Man, this planning instead of plopping is hard stuff...

And don't worry - as soon as I get my plan scanned in, I'll share it (scanned, taken a photo of, whatever - I'm an engineer, not a graphic designer).

Thursday, September 20, 2012

Plopper vs. Planner

The area between the walk up to the house and the house itself is a no-man's land of 'plopping' goodness.  Society garlic I got from Diana and dwarf ruellia I got from Amy are the primary plants - two of each (not three, because 3 would have made sense, but why do something that makes sense when you can make it do something wonky?).  It also has a rosemary plant and a zexmenia plant (both from Bob).  The pots I added because there was no where else to put them (and I have a weakness for pots).  The pots are filled with succulents. 

You see, in gardening, you're either a planner or a plopper.  Ploppers can become planners, but rarely does a planner become a plopper.  A planner PLANS the garden - what plants, where they'll go...some even get really good at it and are able to get plants together that will compliment each other (whether in bloom color or foliage contrast), and add plants that provide 'seasonal interest.'  In my completely non-designer speak, I take 'seasonal interest' to mean 'doesn't look like a bare twig in January, or if it is a bare twig, it is going to be the best bare twig you ever did see.'

My beloved culinary ginger plant (zingiber officinale) and the beloved sugar cat completely ignoring me and waiting for the magical door fairies to come open the door for him.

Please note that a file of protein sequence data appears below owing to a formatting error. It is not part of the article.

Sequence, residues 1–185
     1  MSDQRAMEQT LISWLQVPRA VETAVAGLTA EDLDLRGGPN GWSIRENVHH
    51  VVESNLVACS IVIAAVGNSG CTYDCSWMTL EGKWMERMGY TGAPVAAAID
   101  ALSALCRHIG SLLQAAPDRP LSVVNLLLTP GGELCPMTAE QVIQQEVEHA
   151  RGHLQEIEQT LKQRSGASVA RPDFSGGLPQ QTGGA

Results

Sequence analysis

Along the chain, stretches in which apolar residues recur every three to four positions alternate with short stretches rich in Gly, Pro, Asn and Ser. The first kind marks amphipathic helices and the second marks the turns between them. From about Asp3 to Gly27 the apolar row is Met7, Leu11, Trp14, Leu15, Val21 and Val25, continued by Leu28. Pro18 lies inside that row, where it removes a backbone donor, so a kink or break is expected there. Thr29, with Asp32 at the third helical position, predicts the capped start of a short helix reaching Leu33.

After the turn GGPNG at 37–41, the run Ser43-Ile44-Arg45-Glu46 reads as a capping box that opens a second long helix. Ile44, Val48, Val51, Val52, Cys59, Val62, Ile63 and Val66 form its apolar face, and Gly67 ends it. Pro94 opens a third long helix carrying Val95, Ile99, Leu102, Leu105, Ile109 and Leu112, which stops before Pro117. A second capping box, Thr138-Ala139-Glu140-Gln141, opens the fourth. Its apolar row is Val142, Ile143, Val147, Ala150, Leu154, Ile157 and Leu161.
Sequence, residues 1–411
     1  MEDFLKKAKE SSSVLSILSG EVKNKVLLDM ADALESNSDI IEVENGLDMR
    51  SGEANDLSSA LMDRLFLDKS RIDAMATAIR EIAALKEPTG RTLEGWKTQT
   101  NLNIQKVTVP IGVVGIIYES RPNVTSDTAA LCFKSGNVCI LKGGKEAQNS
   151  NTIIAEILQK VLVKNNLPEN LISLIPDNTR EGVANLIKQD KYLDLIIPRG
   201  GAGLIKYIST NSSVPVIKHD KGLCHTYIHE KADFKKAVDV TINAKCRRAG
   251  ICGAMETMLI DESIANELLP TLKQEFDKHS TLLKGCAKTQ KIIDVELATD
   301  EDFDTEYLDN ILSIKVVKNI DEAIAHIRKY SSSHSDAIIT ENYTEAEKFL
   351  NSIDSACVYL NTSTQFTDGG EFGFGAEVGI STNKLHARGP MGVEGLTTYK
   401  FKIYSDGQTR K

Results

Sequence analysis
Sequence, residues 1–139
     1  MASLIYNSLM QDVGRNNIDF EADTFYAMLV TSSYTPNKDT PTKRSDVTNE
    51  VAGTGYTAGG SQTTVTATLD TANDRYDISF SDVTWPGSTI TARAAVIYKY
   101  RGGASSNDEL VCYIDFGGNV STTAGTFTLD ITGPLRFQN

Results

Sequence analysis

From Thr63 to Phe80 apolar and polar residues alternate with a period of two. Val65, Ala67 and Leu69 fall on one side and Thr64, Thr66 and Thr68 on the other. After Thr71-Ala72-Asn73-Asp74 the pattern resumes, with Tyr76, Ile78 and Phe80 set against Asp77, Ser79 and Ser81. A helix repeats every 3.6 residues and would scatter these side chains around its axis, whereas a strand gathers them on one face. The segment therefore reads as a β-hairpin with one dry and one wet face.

A plopper, by contrast, PLOPS in the garden.  A plopper gets a plant, figures out what it needs to grow and then plops it in the ground in a fitting location with little regard to what is planted around it, when it will bloom, and how it looks in that location.  I am a plopper.  I can't pass up a good deal (including free plants gifted to me by other garden bloggers - they're totally thinking "I know, I'll give it to that sucker, Katina!").  Hell, I can't even bear to throw out plants that I don't need nor want - I'll dig them up and give them away to others "HAHA! I'll totally foist these off on those suckers known as fellow garden bloggers and/or coworkers!"   The point is most ploppers' yards are a mishmash of mixed plants and, during certain parts of the year, look devoid of all life.

My avocado tree.  I started this thing from a pit in May 2005.  See, I can't even throw out things that are POTENTIAL plants.

As I said, it's very possible for ploppers to become planners, but difficult to go vice versa.  Since I'm a plopper and I'm trying to be a planner, I have gotten started on coming up with a comprehensive plan for the back yard - hey man, I gotta start small...of course, it would probably make more sense to do the front yard since that is the one that people see...but we're going to start with baby steps...

Wednesday, September 19, 2012

TGO: Seed Paper and Seed Bombs

Tonight I went to the Great Outdoors' 'happy hour' to learn how to make seed paper and seed bombs. I also bought myself some Crocus Sativus (aka saffron crocus - I'm so going to be able to have hoity toity food next year, it's a gonna be awesome!).  Extra bonus, the bulbs were 20% off because I got them during the happy hour.

From what I remember...

Seed Paper: 
Some amount of shredded paper
a Blender